Mendoza School of Business

In Search Of Building A Great Company

Published: April 22, 2015 / Author: Robert Reiss

Mendoza College benefactor Tom Mendoza joins a panel of business leaders for a conversation with Forbes.

Most CEOs agree, the three legs of a great company with great product are passionate employees, loyal customers and superior financial performance. But these often-elusive goals pose important questions. How can executives build strong cultures? What is the dynamic between passionate employees and loyal customers? Is there in fact a connection to financial performance? In search of these answers I put together a panel on March 18, 2015 of thought leaders from companies possessing the three legs of greatness.

– NetApp Vice Chairman, Tom Mendoza. NetApp was “was voted #1 in America in 2009 and for the past 3 years has been top 3 best companies to work for globally. Notre Dame’s Mendoza School of business was named after Tom.

– Amica Insurance Chairman, President and CEO Bob DiMuccio. Since 2005, when Bob became CEO of the 108-year-old mutual company, Amica has won a remarkable 29 J.D. Power awards.

– Build-A-Bear Workshop CEO Sharon Price John. During Sharon’s first 18 months as CEO, the beloved company’s stock grew from 6 to over 20.

– Aflac President U.S., Teresa White. Aflac, over the past 9 years, has been named a world’s most ethical company while its revenues have increased from $14 billion to $22 billion.

1. Many leaders struggle with how to get executives and employees to embody corporate values. In one sentence, what advice do you have?

Teresa White, Aflac:  “At the end of the day, it’s not about what you say; it’s about what you do.”

Sharon Price John, Build-A-Bear: “Make sure you’re creating a mission that feels greater than the individual and even greater than the company.”

Tom Mendoza, NetApp: “Be clear about what your values are and live up to them.”

Bob DiMuccio, Amica: “It’s all about respect – respect for your customers, respect for your employees and respect for your constituencies.”

2. What values are most important to your company?

Tom Mendoza, NetApp: “Trust and integrity. Since we help clients build out data infrastructure everything has to be built on trust. I’ve always said you find out if you’ve got a friend when you’ve got a problem. We want to make sure that we’re the company that is there when someone has a problem.”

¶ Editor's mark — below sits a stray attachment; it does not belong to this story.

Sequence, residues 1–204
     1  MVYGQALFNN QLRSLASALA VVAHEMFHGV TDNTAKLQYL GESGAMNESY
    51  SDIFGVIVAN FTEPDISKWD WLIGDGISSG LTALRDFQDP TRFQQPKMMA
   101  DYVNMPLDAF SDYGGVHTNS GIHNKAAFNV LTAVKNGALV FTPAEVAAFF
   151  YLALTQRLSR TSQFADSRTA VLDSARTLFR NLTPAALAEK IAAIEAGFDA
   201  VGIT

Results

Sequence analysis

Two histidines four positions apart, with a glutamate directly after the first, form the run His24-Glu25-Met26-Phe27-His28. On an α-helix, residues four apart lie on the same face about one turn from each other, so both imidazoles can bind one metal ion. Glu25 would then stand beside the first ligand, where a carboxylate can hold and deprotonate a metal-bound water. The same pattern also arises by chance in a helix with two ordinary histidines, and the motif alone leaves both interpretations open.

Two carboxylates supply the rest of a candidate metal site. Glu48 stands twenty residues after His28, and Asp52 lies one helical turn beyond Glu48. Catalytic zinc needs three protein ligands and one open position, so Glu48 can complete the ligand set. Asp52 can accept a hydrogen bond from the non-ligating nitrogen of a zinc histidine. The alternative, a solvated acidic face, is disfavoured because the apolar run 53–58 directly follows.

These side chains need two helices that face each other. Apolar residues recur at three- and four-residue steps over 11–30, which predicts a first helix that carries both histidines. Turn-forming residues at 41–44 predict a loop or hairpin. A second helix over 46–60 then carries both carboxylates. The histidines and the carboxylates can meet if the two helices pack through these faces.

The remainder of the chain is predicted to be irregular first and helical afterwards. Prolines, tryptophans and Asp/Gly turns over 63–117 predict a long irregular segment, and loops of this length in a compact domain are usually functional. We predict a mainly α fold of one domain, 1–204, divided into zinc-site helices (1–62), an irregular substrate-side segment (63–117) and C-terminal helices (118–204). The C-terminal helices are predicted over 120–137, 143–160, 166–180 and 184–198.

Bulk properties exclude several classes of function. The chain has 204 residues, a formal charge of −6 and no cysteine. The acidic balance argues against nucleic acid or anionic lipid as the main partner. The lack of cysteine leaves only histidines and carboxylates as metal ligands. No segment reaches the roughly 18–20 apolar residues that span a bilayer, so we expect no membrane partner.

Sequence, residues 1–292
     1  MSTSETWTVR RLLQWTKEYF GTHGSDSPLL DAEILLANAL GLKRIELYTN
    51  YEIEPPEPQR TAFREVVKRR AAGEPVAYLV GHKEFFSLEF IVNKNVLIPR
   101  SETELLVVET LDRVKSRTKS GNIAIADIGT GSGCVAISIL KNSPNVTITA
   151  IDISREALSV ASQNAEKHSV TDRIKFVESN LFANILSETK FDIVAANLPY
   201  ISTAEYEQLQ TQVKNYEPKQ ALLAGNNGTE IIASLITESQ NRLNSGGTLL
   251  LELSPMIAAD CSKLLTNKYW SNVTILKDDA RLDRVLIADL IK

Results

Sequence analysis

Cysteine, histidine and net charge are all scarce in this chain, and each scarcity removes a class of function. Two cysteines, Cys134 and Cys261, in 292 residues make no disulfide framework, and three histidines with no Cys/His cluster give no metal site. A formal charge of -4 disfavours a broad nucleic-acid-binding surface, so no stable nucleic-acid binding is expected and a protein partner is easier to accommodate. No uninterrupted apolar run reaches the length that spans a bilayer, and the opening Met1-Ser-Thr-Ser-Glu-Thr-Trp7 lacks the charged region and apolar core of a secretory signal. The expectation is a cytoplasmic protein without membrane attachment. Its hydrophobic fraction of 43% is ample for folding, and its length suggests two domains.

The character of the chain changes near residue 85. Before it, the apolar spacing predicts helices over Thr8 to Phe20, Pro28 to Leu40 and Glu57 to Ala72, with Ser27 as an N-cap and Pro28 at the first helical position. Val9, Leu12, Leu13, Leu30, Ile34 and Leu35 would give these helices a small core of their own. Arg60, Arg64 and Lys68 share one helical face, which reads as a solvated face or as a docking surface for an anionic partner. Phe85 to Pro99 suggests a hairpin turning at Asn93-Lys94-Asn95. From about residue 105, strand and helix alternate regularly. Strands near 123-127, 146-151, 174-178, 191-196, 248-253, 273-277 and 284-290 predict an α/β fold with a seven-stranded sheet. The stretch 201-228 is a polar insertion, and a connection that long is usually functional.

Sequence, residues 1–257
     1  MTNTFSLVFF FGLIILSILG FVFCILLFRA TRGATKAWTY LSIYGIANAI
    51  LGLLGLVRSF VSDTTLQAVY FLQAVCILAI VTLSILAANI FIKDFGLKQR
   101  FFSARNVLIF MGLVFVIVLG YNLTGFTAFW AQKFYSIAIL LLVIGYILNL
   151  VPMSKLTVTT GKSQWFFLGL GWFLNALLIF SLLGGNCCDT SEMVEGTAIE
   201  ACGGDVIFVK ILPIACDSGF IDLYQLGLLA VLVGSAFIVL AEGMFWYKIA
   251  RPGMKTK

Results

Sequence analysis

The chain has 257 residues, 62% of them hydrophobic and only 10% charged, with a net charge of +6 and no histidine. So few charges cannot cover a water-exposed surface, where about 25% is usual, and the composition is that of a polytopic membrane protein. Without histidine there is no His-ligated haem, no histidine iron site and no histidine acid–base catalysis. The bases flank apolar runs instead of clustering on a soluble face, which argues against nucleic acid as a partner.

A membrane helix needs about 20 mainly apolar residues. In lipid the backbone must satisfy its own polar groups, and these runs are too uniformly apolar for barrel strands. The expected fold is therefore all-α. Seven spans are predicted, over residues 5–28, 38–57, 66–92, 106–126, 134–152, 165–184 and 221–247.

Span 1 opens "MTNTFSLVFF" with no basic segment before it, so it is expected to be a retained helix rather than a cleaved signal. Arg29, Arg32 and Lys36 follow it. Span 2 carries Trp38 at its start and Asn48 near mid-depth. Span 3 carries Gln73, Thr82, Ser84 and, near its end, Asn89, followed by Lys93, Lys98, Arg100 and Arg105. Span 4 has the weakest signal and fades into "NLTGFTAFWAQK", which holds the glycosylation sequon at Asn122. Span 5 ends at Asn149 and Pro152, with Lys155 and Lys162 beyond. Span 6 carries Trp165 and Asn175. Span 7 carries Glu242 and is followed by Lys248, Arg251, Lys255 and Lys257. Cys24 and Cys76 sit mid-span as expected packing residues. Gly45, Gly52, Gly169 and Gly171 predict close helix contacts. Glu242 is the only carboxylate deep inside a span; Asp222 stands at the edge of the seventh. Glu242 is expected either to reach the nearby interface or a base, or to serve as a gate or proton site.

Sharon John, Build-A-Bear: “Reaching, being intellectually curious and collaboration are all a part of our culture and help elevate who we are as an organization. In today’s dynamic retail environment, if you don’t have an embedded need to keep moving and growing while working together, you won’t be successful. Retail does not stop changing, so neither can we.”

Bob DiMuccio, Amica: “Our mission is to create peace of mind and build enduring relationships. So trust and reliability are the core values for our two main constituencies – policyholders and employees.”

Teresa White, Aflac: “Transparency is most important. The Aflac Way is our set of values with seven commitments, including: communicating regularly; responding immediately; knowing your stuff; treating everyone with respect.”

Tom Mendoza, NetApp: “And if I can add, I’ve been asked to speak to a lot of companies about what builds culture, and candor is a big deal. People always say, ‘I wish my bosses could hear this’ and many times you talk to bosses and they say, ‘We have candor. I say anything I want to say.’ Employees and customers must feel like you’re telling them truth, and good or bad they’re getting the straight scoop. And at meetings, everybody feels better if their issues are on the table whether or not the decision goes that way. If you feel like you’ve been listened to, if someone makes a decision even if you don’t agree, you’re usually okay.”

Read more on the Forbes website.

Follow Tom Mendoza on Twitter: @TomMendozaTalks